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I was playing with AutoREALM the other day and noticed a lack of a five-foot-unit of measurement. There are inches, feet, yards, meters and then fathoms (apparently, six feet). This tool seems fairly old, but the wiki says it was published in 2006.

At any rate, my question is as follows - when did the five foot square/hex become the standard unit of measurement in Dungeons and Dragons? Or, has it always been that? Call me a sucker for accuracy, but I've considered switching to meters more times than just for AutoREALM measurements.

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3 Answers 3

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The 5-foot square is the standard measurement in every edition of D&D published by Wizards of the Coast, starting with 3rd Edition in 2000.

In editions prior to WotC taking over publication, there was no standard. Mapping of constructed areas was typically in 10-foot squares, and the ubiquitous gridded battle mat was almost unknown to D&D players. The 5-foot square and gridded combat made an appearance in the TSR-published Player's Option: Combat & Tactics in 1995, and this might have influenced later 3e design, but it wasn't widely adopted and can't be said to have made the 5-foot square a standard.

Prior to moving to a visually-focused, grid-based design, D&D editions typically simply gave limits to how many combatants could fight abreast in a given corridor width. The most common rule across editions (I believe) is that three combatants can fight side-by-side in a 10-foot corridor. This 3-foot-wide clearance wasn't intended to describe how much space a character occupied or controlled in combat though – it was exactly and only a statement about how close friendly forces could pack together while still being able to fight.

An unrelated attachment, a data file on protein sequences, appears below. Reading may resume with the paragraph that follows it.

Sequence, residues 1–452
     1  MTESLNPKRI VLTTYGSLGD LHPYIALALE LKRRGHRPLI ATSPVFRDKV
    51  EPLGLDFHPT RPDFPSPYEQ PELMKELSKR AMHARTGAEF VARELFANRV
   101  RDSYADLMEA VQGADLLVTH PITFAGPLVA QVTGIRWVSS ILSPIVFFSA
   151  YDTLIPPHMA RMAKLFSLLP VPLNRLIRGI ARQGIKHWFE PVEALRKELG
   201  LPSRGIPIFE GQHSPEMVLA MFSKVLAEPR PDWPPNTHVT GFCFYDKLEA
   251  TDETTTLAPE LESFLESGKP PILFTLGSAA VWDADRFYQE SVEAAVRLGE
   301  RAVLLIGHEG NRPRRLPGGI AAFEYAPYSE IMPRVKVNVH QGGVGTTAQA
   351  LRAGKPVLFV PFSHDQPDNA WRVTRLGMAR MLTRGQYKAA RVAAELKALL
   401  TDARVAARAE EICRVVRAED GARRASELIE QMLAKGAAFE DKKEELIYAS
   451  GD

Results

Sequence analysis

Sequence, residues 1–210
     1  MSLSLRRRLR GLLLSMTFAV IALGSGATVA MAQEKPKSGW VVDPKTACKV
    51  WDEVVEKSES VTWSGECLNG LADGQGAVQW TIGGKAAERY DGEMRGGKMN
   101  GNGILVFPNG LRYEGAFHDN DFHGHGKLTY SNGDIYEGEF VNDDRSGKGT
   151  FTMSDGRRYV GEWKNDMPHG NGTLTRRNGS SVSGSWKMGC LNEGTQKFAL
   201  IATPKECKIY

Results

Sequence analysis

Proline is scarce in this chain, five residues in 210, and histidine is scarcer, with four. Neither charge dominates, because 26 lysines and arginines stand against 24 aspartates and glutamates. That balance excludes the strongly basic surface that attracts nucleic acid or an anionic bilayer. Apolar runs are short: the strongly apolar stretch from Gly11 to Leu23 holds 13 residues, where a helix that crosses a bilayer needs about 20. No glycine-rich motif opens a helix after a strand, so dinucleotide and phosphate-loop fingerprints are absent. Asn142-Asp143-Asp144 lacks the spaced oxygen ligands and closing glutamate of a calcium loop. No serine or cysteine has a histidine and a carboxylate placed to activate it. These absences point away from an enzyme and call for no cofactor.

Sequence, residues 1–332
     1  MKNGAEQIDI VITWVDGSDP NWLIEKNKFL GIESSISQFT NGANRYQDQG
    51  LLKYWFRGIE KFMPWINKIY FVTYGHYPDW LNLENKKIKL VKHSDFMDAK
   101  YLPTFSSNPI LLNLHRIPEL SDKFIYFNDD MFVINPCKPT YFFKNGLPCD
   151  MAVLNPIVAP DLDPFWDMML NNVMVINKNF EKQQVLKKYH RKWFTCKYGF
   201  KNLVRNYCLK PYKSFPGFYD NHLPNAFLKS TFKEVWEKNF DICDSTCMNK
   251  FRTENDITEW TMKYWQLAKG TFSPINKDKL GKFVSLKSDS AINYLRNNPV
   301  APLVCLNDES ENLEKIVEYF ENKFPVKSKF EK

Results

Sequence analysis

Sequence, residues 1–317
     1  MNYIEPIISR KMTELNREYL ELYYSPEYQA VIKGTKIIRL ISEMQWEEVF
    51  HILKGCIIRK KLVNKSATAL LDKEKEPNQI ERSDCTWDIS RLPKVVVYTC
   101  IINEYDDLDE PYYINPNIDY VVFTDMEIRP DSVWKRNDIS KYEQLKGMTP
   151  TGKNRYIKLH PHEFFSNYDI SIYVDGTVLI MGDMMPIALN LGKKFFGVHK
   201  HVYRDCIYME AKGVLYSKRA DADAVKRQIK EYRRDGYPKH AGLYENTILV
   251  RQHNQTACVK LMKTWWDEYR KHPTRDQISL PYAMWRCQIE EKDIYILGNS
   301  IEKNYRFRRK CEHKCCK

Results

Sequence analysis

Because earlier editions had a heavy dose of simulationism, abstractions were either avoided and whatever non-standard measurement that was appropriate was given directly, or the abstractions were at a more more granular level than anything that could be consistently gridded. Measurements were also were very context-dependent. In other circumstances than combat, the space occupied by characters was described differently – for example, when squeezing through narrow caves, the Dungeoneer's Survival Guide (1986) gives a table of minimum tunnel widths by race, listing humans as requiring at least 2 feet of width to pass and elves needing 1½ feet, as well as variations in minimum height clearance.

As a general rule, TSR editions of D&D (and games based on them) can be assumed to use continuous real-world measurement systems for everything, while WotC editions can be assumed to use a discrete 5-foot square. This continuous/discrete paradigm difference is fairly fundamental in their respective designs, with the measurement style coming first, with rules built on top and referring back to the measurement paradigm. For example, D&D 3e and later mostly bases movement rules on the 5-foot square and on manipulations of whole or part squares, while 2e and earlier deal in yards, feet, and inches and modifications to those continuous measurements.

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"As a general rule, TSR editions of D&D (and games based on them) can be assumed to use continuous real-world measurement systems for everything" - except for AD&D1, that referred to everything in Inches... –  YogoZuno Jan 31 '13 at 3:22